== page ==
Yawner: Photograph, 20” x 30”
Five years ago a new program was introduced at the U of A’s Faculty of Medicine & Dentistry. Initiated by Verna Yiu, ’84 BMS, ’86 MD, and Pamela Brett-MacLean, the Arts & Humanities in Health & Medicine (AHHM) program recognizes the many relationships that exist between the arts, humanities, social sciences and medicine, while also acknowledging that clinical practice is both an art and a science. In fact, as part of their Hippocratic oath, medical students pledge to remember that there is “an art to medicine as well as science.”
Jonathan White, a surgeon at Edmonton’s Royal Alexandra Hospital, says, “It’s hard to put your finger on what the art of medicine is, but you know it when you see it. The great mistake we make in medical school is to talk about “them” and “us”—patient and physician. The secret is there’s no them and us, there’s just us, and if you’ve forgotten that, you’ve forgotten the art of medicine.”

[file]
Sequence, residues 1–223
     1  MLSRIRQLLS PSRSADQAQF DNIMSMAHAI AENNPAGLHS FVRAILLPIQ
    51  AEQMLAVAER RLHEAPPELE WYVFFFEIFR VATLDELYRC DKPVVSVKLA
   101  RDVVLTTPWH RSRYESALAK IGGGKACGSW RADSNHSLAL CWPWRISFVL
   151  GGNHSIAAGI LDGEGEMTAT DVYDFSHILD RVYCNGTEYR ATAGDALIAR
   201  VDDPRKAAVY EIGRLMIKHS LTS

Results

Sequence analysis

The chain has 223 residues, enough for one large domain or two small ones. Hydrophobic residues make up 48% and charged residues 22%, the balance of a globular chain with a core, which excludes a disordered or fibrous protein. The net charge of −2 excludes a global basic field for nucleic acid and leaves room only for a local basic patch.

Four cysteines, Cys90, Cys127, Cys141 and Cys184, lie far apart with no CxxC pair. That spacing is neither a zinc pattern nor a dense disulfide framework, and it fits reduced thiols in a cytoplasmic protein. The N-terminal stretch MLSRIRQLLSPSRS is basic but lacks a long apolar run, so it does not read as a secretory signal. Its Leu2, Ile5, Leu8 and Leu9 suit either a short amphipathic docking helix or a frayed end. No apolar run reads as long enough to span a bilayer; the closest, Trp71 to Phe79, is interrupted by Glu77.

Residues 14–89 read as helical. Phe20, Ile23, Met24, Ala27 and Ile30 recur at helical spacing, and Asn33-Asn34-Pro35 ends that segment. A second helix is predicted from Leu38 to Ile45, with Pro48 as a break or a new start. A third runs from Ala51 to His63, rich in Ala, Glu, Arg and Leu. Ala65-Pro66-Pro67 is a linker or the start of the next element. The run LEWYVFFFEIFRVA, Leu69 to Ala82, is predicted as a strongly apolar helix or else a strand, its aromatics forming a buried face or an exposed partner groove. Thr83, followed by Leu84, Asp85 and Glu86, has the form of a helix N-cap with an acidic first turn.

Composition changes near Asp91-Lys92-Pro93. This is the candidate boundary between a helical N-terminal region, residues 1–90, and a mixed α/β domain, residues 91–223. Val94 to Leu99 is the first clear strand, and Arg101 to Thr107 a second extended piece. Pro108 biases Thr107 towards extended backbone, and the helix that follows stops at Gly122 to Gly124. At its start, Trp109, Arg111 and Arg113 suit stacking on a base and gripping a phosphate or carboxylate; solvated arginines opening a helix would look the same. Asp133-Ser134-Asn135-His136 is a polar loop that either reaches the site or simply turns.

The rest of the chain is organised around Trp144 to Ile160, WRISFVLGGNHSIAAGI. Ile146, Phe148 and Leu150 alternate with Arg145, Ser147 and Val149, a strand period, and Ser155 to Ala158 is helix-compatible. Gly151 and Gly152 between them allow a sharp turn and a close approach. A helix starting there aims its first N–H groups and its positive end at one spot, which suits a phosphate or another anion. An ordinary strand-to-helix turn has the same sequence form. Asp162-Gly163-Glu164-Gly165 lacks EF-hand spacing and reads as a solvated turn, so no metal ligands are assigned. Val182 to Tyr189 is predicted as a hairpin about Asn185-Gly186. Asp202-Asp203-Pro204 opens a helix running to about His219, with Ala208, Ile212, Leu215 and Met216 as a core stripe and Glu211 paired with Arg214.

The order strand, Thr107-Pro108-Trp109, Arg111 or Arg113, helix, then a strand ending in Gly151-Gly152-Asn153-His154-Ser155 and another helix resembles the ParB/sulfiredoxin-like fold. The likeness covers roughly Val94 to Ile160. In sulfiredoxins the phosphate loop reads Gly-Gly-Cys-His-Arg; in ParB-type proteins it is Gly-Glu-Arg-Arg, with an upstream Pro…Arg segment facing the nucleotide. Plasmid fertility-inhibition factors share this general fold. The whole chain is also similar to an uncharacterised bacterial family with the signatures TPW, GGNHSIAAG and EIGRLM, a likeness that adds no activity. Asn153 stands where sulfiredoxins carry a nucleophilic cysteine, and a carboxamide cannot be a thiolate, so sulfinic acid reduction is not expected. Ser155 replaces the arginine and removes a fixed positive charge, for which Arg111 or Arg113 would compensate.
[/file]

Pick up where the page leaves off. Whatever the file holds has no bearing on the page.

While the art of medicine may be hard to pin down, the art on this page (titled “Yawner”) was created by Kaisu Koski, a visiting post-doctoral fellow with the AHHM program from the University of Leiden—the oldest university in the Netherlands. “It is a self-portrait, and an image of an image,” she says. “I photographed my video image that was projected on a pile of medicine tablets.
“It is inspired by the yawner tradition, vivid in the Netherlands. The yawner is an ancient symbol of the pharmaceutical branch, stemming from an era when most people were illiterate. To me, the image also illustrates the fragmented body image that medicine and pharmaceutical sciences sometimes maintain.”